Other areas that I think are also claiming to offer community life-style benefits to High Tech employees and their employers are: Beltway around Washington DC, and out I-66 into Virginia and Dulles Airport way; Baltimore-Washington Corridor along I-95; the I-95 Corridor between NYC and Boston, Chicago and by extension Madison Wisconsin.

Texas, and specifically Dallas, Texas does draw many to its high tech employers, but the Dallas culture isn't what those that would crave Portland or Seattle would want. I do not understand the entire North Carolina High Tech thing, nor can I explain it. Portland's unique 'vibes' would not draw engineers who end up working in NC or Dallas.

Except for the gloom of winter, Portland does offer a life-style, and 'green' living, and a youthful culture as well as 'burb living, semi-rural living, plus a full night-life of music, culture, and arts. And the beer ain't bad either.

Other examples:
- the women's fashion creation industry is located in NYC more for cultural issues for the Designers than the clothing making issues (with are overseas anyway)
- Book publishing and magazines editorial offices located within 90 minutes drive of NYC.
- Media Advertisement creativity and production industry located in LA

Sorry for the long post.

Phil
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Old 06-17-2010, 03:17 AM
 
333 posts, read 740,541 times
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Awesome post Phil...I tried to give you reputation points but it says I need to spread some more around. Guess I like what you have to say quite often! I'd be interested in your analysis of high tech jobs in the immediate Portland area. I always hear about Hillsboro with Intel being the center of it but does the Silicon Forest spread out to the east or north at all? Up to Vancouver?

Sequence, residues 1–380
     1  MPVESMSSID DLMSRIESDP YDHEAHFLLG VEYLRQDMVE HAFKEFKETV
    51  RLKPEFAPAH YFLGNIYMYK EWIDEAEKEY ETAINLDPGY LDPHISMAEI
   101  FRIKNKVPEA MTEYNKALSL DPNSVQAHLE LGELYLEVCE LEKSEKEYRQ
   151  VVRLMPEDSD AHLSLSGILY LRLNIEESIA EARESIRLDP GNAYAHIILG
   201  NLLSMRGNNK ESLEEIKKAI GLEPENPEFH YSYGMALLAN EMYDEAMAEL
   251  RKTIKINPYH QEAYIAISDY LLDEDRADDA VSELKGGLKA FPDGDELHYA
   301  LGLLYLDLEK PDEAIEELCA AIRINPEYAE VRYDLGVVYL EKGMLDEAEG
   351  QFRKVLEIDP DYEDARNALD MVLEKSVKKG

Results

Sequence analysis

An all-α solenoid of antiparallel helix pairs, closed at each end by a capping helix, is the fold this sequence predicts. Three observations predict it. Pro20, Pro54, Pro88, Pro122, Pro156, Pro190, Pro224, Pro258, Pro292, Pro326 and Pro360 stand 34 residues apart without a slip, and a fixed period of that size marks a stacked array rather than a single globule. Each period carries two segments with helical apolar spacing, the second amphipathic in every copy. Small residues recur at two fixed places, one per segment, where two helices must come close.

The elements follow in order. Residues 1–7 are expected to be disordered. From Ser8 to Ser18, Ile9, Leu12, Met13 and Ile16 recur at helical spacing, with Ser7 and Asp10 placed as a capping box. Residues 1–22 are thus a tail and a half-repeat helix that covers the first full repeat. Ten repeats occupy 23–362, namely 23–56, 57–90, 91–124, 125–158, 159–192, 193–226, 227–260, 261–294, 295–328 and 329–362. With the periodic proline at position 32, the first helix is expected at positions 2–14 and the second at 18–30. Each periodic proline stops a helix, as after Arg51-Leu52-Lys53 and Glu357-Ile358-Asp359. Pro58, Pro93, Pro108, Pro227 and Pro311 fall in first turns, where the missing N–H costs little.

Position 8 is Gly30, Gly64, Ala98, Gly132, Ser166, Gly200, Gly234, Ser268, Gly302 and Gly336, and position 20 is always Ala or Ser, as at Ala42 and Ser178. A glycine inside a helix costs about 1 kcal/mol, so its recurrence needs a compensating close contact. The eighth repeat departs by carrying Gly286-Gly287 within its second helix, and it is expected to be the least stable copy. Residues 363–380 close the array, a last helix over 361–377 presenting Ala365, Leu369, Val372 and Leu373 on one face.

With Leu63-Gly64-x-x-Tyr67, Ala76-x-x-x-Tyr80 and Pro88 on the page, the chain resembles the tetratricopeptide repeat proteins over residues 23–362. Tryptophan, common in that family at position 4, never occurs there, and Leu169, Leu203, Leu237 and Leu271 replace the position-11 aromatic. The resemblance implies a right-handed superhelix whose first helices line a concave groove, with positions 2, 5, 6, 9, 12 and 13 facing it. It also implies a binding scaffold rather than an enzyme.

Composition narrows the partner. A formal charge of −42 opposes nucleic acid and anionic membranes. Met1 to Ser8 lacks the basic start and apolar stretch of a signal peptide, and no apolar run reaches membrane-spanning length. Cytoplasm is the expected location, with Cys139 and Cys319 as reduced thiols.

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Old 06-17-2010, 05:18 AM
 
Location: Orange, California
1,576 posts, read 5,836,413 times
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There is a real "chicken and egg" thing that goes on with tech industry centers. Is a city a tech hub first and then become a "lifestyle" town later. Or does it start as a "lifestyle" town and thus attract a tech industry? Regardless, it does seem apparent that most tech towns generally have a pretty good lifestyle (e.g., Portland, Seattle, SF, Austin, Boston, NOVA, Raleigh) that draws a lot of younger, highly educated folks. I will always think of Portland as a slightly techhy "lifestyle" city. But I agree with the poster who suggested that it is unlikely to become the next Silicon Valley because Oregon does not have a sufficiently pro-business climate. Oregon has a lot of charms, but if you are looking to locate your tech business somewhere, it has lots of competition that make better financial sense.
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Old 06-17-2010, 07:17 AM
 
Location: Oceanside and Chehalem Mtns.
716 posts, read 2,564,276 times
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Not likely based on the current political climate. High tech companies look for several factors:

1. Educated workforce - The US is lagging in turning out highly quality engineers. Meanwhile what we considered third world countries in the past have really stepped up technical education systems and are turning out an educated workforce that meet or exceeds the US (and Oregon). (ex: Viet Nam)